Speaking of people getting fed up with unpopular polities, the Democrats tried to have a vote of no confidence on Donald Rumsfeld. It was blocked by Republicans, but at least they’re starting to fight back. For too long have the Democrats just rolled over and let the Republicans do whatever they want. I hope this is a sign of things to come. This comes in the wake of a very controversial speech by Rumsfeld, in which he drew parallels between terrorism today and fascism in the 1930’s, and then attacked Amnesty International (the first group to condemn the secret CIA prisons) for questioning the US. The government tried to censor news agencies that reported on this speech, but they have held strong on their articles.

It’s pretty cool to see everyone starting to wake up and fight back against all of this stuff!

On a less uplifting note, the truce in Darfur is being threatened. I apparently missed when this truce began; does anyone else remember hearing about thata few months ago? The problem here, like in Lebanon until recently (I’ll get to that soon) is that the UN has no actual power, and the countries that make up the UN are reluctant to contribute troops voluntarily (and China, Russia, and India are already arming the fighters).

Going back to less recent news, Europe has committed troops to keeping the peace in Lebanon and attempting to disarm Hezbollah. Both Israel and Hezbollah (and their benefactor, Iran) seem to be claiming victory here: Israel for getting the UN to pledge to try to disarm Hezbollah, and Hezbollah for firing so many rockets and killing so many civilians and not being completely destroyed (yet) in response. I am ever hopeful that the Middle East can settle down, but I don’t think it’s likely to happen until the UN gets a concrete plan to disarm Hezbollah (and then solve the Israeli-Palestinian conflict, but they’ve at least made a little headway here already).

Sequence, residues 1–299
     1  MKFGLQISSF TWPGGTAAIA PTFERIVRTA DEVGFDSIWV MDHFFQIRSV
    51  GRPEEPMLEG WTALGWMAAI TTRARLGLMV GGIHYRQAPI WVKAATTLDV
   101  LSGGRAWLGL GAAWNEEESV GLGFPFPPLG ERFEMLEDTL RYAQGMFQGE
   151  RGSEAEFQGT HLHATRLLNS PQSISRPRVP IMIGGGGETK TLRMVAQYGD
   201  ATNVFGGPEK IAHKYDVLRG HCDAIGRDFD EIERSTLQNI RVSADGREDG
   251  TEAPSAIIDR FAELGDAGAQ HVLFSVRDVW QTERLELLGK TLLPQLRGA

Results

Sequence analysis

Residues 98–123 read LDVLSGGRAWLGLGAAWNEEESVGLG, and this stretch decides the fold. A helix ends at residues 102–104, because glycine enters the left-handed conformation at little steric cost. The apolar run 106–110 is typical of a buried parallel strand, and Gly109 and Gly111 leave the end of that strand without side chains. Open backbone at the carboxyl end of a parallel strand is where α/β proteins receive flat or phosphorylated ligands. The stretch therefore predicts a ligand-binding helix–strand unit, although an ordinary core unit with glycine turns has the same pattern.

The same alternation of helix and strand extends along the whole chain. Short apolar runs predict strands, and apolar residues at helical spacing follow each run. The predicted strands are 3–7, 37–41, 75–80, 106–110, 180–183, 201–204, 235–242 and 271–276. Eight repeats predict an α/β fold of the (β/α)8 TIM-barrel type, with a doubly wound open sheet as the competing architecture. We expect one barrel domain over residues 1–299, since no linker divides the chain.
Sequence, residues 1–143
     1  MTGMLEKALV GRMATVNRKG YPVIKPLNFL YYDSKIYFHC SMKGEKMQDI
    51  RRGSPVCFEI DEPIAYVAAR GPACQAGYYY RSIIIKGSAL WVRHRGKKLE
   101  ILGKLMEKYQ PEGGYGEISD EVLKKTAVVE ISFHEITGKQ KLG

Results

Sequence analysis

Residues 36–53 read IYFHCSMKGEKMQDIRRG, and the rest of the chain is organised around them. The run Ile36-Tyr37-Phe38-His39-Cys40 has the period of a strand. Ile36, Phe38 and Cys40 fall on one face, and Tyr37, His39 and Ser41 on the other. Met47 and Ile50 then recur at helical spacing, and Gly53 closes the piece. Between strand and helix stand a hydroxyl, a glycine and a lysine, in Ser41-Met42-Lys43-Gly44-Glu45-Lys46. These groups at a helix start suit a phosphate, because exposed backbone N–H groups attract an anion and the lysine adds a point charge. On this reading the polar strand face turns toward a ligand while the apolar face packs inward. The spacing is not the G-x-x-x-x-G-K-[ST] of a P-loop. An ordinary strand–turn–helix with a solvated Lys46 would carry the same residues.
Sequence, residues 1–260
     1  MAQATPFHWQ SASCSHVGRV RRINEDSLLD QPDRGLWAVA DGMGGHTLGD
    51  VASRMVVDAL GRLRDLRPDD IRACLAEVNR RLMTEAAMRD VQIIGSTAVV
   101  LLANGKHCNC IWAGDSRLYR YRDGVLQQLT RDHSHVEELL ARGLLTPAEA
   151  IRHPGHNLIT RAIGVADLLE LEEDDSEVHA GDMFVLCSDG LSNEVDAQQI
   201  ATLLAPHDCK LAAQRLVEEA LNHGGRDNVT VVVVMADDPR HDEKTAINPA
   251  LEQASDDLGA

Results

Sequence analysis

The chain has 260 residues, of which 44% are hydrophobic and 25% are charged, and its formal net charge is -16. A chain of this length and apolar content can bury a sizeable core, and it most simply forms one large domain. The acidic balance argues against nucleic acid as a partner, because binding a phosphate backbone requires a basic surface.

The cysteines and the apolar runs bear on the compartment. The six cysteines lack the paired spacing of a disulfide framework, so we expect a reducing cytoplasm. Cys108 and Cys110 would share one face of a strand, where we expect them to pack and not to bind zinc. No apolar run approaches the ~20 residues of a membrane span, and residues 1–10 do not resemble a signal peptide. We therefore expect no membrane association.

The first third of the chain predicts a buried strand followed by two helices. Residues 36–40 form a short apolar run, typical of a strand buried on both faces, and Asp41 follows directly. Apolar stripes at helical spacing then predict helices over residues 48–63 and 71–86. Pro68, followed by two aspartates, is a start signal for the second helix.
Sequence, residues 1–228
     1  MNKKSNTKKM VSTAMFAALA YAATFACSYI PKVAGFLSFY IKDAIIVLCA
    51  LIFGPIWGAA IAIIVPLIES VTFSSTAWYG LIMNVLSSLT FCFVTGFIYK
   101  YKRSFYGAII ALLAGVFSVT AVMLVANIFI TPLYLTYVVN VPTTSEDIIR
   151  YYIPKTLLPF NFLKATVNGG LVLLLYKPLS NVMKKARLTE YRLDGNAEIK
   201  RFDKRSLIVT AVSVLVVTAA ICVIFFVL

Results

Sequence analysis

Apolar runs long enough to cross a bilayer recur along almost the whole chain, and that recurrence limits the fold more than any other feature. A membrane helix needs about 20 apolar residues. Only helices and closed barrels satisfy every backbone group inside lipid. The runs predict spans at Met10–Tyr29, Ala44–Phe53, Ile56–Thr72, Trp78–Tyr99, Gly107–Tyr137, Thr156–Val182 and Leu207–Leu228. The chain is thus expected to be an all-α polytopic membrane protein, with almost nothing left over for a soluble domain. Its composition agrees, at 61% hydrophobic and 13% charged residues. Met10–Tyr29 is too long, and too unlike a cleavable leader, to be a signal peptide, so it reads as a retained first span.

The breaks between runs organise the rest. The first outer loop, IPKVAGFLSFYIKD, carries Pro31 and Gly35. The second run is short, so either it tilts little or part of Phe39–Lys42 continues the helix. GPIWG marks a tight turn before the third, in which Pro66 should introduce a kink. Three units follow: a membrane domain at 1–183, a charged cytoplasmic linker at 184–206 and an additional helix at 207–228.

Security guru and all-around awesome dude Bruce Schneier has a pretty rational look at the liquid explosives plot to blow up British airplanes bound for the US (which led to a US ban on liquids; special thanks to Natalie for the link). He mentions some very good points about the futility of our current strategy and how using more investigation and intelligence will work much better than our current strategy of banning everything and making everyone scared. Among other methods, he suggests that watching body language to find nervous, suspicious-acting characters is much more effective than banning liquids or shoes. This reminds me of a 2002 debacle in which airport security forced a woman to drink her own breast milk to “prove” that it was not a terrorist weapon. Although the current rules make exceptions for breast milk, medicine, and a couple other things, the entire situation is ridiculous.

Due to the UN’s hesitation on sanctioning Iran, the US is considering unilateral sanctions instead. Because, you know, unilateral sanctions have worked so well with Cuba. I suspect this is just empty talk, but it’s the sort of thing the Bush Administration is just crazy enough to try anyway.

Right. I think that’s about all the news I’ve been meaning to post. I can now close about 20 Firefox tabs.